Kool-Aid Warning Defined! Buyer Beware!

Afternoon Folks!!

"Drinking the Kool-Aid" is a metaphor commonly used in the United States that refers to a person or group holding an unquestioned belief, argument, or philosophy without critical examination. It could also refer to knowingly going along with a doomed or dangerous idea because of peer pressure. The phrase typically carries a negative connotation when applied to an individual or group."

koolaid

Sounds exactly like what we are witnessing!! I'll let others carry their water. This is the no Bullshit zone and if you are not seeing what is happening, you are blind. This Kool-Aid may not poison you, but but most flavors can surely leave you broke. How many of the 900 can make the top 10? Trick question. You caught me. lol

Well as you see one after another domainers or bloggers succumb to peer pressure as described above.  I won't be fitting into their orchestra anytime soon because I don't do peer pressure. I won't sing their praises to sell ads or another ticket even tho it would be to my benefit. I won't even give them the benefit of the doubt. Why should I? Why should you? I have history and empirical evidence on my side. And the only side I have is looking for the right answers. I just say what I believe and let the future bear out my words or not. I will always give you the unvarnished facts mixed with my personal beliefs and then you can do as you see fit. On the record, for the record.

So I am prepared to sit here on the sidelines for the next few years and watch it unfold. I think I will have articulated so many pitfalls that the actual cause of death may never be known. Complications in common sense?

Refreshments anyone?

koolaid

Rick Schwartz



43 thoughts on “Kool-Aid Warning Defined! Buyer Beware!

  1. Kevin M.

    Refreshments, sure we’ll take some popcorn and Gatorade. We just put up our small booth, and plan to be working it for awhile. Thanks.

    Heck, if one likes to surf, you go to wherever the big wave is and surf. Doesn’t mean you moved-away-from, or abandoned your ‘favorite beach’.

    Reply
  2. Jim Holleran

    That is why I am blowing of Namescon, sick up hearing about all this GTLD stuff, too much BS, noise, and too much hype. I just so burned out on all the BS, so I am staying home, taping a mental nap until all this BS/noise settles.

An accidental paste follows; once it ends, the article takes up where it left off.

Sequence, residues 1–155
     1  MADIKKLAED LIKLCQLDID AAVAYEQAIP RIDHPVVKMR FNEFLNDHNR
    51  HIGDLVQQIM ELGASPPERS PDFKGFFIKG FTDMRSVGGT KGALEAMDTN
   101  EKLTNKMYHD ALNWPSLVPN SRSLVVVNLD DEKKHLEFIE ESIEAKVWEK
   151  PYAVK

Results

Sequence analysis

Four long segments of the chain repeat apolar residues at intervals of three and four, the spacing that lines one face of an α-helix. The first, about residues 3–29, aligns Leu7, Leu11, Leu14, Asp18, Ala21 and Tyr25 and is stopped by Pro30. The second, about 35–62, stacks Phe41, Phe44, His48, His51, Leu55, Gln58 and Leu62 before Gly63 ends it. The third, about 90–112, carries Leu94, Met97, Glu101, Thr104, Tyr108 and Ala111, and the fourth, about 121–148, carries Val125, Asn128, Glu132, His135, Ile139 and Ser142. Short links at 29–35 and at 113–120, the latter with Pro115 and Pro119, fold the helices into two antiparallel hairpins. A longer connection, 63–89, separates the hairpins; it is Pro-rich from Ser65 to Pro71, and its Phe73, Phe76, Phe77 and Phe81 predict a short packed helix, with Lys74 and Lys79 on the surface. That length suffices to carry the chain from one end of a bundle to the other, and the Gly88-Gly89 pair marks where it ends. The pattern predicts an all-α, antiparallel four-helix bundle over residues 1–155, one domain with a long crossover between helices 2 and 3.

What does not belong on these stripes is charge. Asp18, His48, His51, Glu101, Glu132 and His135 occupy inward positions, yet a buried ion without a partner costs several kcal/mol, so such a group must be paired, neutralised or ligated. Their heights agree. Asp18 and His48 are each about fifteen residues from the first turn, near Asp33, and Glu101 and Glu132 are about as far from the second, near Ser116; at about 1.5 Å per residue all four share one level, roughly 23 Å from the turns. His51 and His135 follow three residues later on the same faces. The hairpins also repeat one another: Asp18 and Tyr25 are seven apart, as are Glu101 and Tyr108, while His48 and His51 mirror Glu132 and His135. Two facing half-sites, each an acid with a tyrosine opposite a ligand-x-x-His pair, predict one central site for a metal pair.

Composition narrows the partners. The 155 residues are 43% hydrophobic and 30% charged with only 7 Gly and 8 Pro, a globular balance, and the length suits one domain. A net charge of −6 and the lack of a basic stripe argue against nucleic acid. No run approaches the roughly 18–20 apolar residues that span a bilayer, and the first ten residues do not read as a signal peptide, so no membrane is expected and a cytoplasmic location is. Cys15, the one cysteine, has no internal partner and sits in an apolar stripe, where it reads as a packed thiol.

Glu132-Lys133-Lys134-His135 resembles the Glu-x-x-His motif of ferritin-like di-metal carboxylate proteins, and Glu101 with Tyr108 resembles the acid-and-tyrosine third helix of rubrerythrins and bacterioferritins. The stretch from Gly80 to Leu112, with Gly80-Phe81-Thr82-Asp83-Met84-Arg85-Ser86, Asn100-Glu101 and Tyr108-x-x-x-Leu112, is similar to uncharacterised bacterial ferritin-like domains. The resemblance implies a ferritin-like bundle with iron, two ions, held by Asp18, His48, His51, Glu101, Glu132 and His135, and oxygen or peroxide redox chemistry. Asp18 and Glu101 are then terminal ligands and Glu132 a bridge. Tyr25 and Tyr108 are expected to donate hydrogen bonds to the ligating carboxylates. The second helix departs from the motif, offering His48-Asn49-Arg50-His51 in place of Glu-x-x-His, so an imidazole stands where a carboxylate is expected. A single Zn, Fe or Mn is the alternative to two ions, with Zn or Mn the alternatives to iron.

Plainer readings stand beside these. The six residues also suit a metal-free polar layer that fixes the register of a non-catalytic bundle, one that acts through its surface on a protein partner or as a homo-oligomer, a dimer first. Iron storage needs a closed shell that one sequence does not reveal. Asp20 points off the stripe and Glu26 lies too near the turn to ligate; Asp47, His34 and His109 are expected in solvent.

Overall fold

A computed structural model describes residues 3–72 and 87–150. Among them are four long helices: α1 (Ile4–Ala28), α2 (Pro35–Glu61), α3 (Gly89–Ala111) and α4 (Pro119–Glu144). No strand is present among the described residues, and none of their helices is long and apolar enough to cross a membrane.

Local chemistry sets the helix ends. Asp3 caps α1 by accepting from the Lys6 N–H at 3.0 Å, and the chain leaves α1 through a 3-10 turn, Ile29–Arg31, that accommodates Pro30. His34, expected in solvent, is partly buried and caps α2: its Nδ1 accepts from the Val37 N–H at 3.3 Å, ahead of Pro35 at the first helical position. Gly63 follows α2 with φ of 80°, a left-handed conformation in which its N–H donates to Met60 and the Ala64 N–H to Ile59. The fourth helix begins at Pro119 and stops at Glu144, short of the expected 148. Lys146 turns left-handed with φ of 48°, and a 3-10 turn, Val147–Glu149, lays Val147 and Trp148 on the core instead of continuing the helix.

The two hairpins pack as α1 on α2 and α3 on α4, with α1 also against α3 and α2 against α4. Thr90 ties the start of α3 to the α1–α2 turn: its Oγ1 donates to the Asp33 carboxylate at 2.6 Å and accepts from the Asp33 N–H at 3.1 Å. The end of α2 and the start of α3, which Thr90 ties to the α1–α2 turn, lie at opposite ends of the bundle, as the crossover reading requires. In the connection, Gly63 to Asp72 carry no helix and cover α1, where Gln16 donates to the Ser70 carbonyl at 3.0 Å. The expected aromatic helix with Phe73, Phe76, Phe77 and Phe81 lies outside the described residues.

Reply
  3. Haven

    Just repeating what’s been said a hundred times. But, even IF there were any winners in the .whatevers… there would only be a handful of worthwhile registrations in each of the few that floated to the top. Those will be sold at premium prices from the get go and likely held onto and never developed in hopes of selling for profit. The .whatevers aren’t domainer friendly and I really can’t see them as developer/end user friendly either because whoever decides to develop on one is going to be facing huge hurdles in trying to “teach” everyone else their “new” extension. This made even worse when compounded by thousands of options.

    Granted, people do learn fast, I know… I have a 15 year old daughter and see it daily. But people also like comfort and familiarity. I asked my daughter what she thought of the new extensions, I even told her a few of the “better” ones and told her to give me her honest opinion. She said she didn’t think she would ever visit one and that she thought is was rather “lame”. This was without any of my input on them whatsoever. On that note, my daughter stays GLUED to the internet. She is extremely internet saavy and stays on top of the newest trends, as do most teenagers, But just as they all get tired of Facebook and bail out to Twitter and then think Twitter is retarded and then move on to SnapChat and so on and so forth.. they will do and think the same thing about new extensions, They may be popular briefly, each having their 15 minutes of fame if they’re lucky, but the fad will likely wear out. Even if it doesn’t, you will likely only have 10-12 meaningful/brandable options in each “winning” extension that will ever be remembered. How is that going to change the industry? How is that going to change the internet landscape? Prediction: It won’t.

    One thing even young people still do: automatically go to .com.

    I could go on and on. but I won’t. It’s all been said already. I see a lot of the kool-aid being offered around as you mention and I expect to see a lot of .jimjones’ before it’s all over with.

    IMO.

    Sorry for the novel….

    Reply
  4. Leonard Britt

    .Net, .Info and .TV have been around for a decade or more. There are a few sales in these extensions appearing in the weekly DNJ reports – but far fewer than what appear in .COM. While four-figure sales do occur, five-figure sales in these extensions are rare and SEDO reports indicate that three-figure sales are much more common. So how many years will it take for end users to demand all these .whatever extensions? At that point, how much will they be willing to pay for keyword.whatever and can an investor justify paying $xxx upfront plus renewals for a decade to see an $xxx sale at the end. Given the risk of no sale (a 100% loss), is .whatever a worthwhile investment?

    Reply
  5. Kevin M.

    Perhaps the one thing many are not taking into consideration is – maybe these new gTLDs simply are not targeted to the hording domain ‘investor’! Hence why so many domainers are so antagonistic to them, and not grasping ‘the need for them’ and the various (over)pricings of. …perhaps.

    Reply
  6. Domenclature.com

    @Kevin M.

    Why not tell us who the new gTLDs are for? Tell us not just Who, but also tell us Why, Where, When, What.

    It’s amusing.